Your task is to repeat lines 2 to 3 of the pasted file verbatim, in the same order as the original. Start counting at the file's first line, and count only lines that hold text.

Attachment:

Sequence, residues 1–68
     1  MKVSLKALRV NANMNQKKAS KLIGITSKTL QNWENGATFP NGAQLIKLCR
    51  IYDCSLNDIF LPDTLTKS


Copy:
     1  MKVSLKALRV NANMNQKKAS KLIGITSKTL QNWENGATFP NGAQLIKLCR
    51  IYDCSLNDIF LPDTLTKS